For all the nerdy anticipation, I bet very few people use third-party keyboards on iOS. Their function is mostly symbolic: apple less rigid
— Farhad Manjoo 🍭 (@fmanjoo) January 2, 2015
I think Farhad is about half right. Third-party iOS keyboards can be really good and useful, but they need help from Apple to seal the deal.
When IOS 8 landed, the first batch of keyboards quickly shot up the charts, then promptly disappeared. To its credit, Apple even promoted a few. In addition to Android staples like Swype hopping over, we also got clever entrants like GIF Keyboard, which replaces all letters with a categorized library of shareable GIFs, Bitmoji, a sticker keyboard that turns you into all the stickers, and Clips (one of my personal favorites), a multi-clipboard utility.
As interesting as iOS keyboards can be, their initial implementation at the OS level is severely flawed. They’re cumbersome to setup, switching between them is needlessly tedious, and limitations make it difficult to teach users about keyboard features. As far as I can tell, all these problems require solutions and improvements from Apple at the OS level.
Dramatically easier setup
Installing iOS keyboards involves more than just downloading from the App Store. I wager most intrepid users open the ‘app’, which is often just a placeholder for instructions to open Settings and drill into General > Keyboard > Keyboards, then tap Add New Keyb…. oh screw it let’s check Facebook.
I get why Apple wants to make keyboard installation a deliberate action, but this process really could be worlds better (though I don’t get why “entering my password/Touch ID to download from the App Store” isn’t deliberate enough). For starters, maybe iOS could allow the keyboard ‘app’ to have a big red button that initiates the installtion process. It’s still manual, but the user doesn’t have to go spelunking.
Switching keyboards needs to be much easier
I bet you $10 one of the biggest reasons users stop (or never bother) trying keyboards is the pain of switching between them. Yes, you can long-press the language button in Apple’s keyboard to get a list of all enabled keyboards and skip straight to the one you need. But getting back? You’re on your own; start tapping all those different approximations of the language button no matter where developers (mistakenly) decided to place them, and damn your muscle memory straight to hell.
Developers tell me this long-press behavior for the keyboard popup list is hands-off. I don’t know Apple’s reasoning on this one, but I think we need to reassess. Having that menu available to the language button in all keyboards would do wonders for switching between them and getting back to our standard typing keyboard, be it Apple’s or a third party’s.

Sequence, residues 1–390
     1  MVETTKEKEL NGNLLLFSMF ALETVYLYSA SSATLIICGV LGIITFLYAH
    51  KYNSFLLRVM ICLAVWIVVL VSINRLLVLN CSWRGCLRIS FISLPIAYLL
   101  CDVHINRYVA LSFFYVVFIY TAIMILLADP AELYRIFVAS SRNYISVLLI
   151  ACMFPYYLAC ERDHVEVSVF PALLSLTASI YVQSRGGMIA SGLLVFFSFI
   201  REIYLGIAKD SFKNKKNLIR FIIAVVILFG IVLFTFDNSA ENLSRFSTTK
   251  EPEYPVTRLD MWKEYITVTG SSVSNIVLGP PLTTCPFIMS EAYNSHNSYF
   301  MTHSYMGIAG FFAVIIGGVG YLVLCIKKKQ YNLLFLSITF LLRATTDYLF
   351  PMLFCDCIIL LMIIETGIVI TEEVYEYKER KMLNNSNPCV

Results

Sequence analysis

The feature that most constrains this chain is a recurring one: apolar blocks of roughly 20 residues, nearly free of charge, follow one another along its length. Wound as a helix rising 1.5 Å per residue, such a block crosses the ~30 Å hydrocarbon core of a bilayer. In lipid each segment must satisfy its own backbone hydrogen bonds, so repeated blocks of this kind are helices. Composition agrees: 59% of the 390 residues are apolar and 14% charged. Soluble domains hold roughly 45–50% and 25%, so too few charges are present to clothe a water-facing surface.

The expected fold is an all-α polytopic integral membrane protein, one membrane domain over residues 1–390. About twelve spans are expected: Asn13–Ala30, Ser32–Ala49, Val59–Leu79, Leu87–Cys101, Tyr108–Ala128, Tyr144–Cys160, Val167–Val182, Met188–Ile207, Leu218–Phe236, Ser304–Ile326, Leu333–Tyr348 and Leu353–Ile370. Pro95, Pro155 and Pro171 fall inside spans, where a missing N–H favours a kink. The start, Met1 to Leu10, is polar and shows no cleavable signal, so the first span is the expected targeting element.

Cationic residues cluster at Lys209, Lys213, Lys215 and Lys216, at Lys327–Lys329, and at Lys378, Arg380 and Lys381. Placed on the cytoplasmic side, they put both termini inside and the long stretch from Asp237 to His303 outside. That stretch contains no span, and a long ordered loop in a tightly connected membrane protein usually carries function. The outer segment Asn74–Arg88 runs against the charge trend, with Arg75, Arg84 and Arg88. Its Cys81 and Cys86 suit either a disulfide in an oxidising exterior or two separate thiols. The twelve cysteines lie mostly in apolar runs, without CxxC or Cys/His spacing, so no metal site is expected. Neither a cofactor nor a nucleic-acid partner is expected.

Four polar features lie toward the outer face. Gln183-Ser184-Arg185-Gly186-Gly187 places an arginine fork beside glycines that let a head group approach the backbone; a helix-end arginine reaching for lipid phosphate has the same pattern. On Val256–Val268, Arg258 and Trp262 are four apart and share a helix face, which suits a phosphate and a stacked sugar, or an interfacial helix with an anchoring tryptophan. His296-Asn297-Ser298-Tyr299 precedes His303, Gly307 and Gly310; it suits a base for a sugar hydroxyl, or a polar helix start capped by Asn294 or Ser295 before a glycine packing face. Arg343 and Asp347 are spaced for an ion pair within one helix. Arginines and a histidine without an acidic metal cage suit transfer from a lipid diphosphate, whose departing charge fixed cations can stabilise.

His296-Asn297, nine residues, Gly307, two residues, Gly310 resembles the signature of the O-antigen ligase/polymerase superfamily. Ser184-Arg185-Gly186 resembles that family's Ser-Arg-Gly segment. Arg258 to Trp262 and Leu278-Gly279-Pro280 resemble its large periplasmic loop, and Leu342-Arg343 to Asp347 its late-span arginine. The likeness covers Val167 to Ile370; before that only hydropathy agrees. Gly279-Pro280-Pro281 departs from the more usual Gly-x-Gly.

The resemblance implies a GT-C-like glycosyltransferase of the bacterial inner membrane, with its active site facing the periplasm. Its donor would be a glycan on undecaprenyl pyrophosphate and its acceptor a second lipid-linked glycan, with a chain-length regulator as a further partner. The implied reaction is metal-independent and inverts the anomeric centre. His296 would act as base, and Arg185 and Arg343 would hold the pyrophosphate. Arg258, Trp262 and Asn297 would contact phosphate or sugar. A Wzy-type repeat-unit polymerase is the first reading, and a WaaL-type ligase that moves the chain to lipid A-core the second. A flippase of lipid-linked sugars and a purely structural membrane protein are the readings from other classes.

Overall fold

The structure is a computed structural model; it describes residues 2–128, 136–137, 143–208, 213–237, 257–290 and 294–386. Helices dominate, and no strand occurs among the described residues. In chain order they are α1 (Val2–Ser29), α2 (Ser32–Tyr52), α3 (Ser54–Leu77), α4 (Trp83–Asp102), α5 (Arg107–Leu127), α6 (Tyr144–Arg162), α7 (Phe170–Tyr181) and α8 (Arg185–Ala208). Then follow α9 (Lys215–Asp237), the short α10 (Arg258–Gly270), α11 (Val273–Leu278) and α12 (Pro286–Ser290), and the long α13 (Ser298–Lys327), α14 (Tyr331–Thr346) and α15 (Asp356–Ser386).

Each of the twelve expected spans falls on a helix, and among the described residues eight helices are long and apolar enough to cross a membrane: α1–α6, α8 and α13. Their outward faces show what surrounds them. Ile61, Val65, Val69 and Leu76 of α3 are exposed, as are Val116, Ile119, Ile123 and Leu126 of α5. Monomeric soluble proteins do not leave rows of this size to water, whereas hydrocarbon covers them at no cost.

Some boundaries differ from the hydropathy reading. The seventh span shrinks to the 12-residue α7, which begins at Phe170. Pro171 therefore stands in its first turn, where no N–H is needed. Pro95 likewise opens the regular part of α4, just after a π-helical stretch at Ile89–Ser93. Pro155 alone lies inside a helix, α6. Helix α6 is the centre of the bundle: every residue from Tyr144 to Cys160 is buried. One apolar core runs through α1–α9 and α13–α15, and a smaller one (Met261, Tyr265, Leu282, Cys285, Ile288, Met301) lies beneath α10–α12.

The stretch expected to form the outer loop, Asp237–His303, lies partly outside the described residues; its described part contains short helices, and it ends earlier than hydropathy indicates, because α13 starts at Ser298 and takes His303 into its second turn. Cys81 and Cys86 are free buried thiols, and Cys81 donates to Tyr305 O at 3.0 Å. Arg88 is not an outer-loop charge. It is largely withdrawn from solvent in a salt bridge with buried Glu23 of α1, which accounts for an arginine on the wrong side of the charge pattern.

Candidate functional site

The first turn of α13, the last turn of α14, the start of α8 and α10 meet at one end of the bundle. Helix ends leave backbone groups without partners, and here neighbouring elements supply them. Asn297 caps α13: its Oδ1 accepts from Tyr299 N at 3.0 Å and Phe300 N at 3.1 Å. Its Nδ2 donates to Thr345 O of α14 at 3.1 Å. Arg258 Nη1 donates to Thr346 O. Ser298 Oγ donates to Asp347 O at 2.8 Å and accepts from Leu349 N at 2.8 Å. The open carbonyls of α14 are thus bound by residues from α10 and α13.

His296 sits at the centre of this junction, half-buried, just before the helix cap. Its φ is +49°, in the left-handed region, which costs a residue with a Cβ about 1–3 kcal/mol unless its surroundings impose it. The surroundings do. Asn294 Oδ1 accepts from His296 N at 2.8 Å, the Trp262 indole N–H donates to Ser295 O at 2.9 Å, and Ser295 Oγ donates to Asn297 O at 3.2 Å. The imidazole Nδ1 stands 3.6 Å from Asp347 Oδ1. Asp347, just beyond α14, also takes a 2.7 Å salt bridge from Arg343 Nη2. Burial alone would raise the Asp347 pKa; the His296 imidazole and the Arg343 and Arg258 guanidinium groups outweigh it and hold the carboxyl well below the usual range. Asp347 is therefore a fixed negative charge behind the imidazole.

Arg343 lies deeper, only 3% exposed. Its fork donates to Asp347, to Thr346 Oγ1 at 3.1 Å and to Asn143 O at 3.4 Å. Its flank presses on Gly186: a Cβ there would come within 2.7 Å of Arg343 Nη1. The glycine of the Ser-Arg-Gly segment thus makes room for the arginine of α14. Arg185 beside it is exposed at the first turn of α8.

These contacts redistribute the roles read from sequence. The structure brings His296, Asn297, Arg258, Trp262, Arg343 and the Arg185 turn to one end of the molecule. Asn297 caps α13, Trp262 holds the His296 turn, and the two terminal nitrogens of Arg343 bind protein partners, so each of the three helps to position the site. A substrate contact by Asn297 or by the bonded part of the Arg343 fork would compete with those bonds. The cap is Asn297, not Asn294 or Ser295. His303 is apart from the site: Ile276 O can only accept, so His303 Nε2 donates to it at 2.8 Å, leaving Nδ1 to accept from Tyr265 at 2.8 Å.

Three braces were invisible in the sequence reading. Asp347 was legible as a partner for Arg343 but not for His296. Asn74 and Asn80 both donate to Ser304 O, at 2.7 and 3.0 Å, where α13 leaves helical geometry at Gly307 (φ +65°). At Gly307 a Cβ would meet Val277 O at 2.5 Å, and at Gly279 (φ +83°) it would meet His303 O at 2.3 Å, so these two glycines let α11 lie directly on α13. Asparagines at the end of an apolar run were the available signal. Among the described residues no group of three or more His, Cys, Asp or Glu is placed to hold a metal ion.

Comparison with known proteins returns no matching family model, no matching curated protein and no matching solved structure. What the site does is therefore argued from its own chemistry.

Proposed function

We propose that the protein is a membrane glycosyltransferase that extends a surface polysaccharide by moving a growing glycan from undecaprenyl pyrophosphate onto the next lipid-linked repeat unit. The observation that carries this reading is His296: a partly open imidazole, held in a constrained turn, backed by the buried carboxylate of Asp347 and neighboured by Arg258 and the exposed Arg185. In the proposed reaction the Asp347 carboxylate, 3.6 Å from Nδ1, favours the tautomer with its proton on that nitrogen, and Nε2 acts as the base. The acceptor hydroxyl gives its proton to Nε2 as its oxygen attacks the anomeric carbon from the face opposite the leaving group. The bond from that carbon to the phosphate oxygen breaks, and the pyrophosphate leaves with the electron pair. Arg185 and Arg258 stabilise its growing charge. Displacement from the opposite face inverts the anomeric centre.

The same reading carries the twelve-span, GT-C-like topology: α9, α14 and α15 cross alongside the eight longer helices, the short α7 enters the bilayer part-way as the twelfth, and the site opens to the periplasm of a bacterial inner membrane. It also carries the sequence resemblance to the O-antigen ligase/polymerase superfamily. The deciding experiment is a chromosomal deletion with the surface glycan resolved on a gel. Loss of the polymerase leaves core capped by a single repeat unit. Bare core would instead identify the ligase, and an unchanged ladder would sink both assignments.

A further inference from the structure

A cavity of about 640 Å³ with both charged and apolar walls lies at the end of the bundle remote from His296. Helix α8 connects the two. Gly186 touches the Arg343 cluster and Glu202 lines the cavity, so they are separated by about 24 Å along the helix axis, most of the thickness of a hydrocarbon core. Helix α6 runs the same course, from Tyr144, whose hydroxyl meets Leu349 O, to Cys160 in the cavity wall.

Force a standard place for the keyboard switch toggle
Speaking of that language button, I think enforcing a standard placement and design would also help significantly.
Since we have to repeatedly tap through the language button every time we switch keyboards, having to find each keyboard’s language button is a pain that further drags down the whole experience. This is another complaint that is high up on the list whenever I’ve mentioned this on Twitter.
No more clipboard juggling and pasting
From my discussions with developers, keyboards that deal with any kind of media are currently not allowed to paste said media directly into any input forms (such as Messages’ text box). This limitation doesn’t make much sense to me, but dropping it makes a ton of sense.
Sharing GIFs from a keyboard should work just like sharing emoji. User taps it, it appears in the box. Send.
Allow some kind of onboarding in-app (er, in-keyboard)
In some ways, a keyboard is just like any other app, which means users need help to learn about its features. You know how most apps these days display at least some kind of tutorial the first time you run them, or (better yet) the first time you try a specific feature or section?
As far as I know, iOS keyboards can’t display any kind of onboarding. That means if users manage to not be deterred by the manual setup process, they are largely in the dark about how the keyboard works and possibly even how to trigger it in the first place (since the Settings app doesn’t explain how to switch keyboards either).
We can debate whether keyboard onboarding should be triggered the first time users switch to it. But the point is that some kind of basic instruction is necessary to help users get familiar, nay, interested and excited to use these strange, new, exhilerating, but currently handicapped new apps.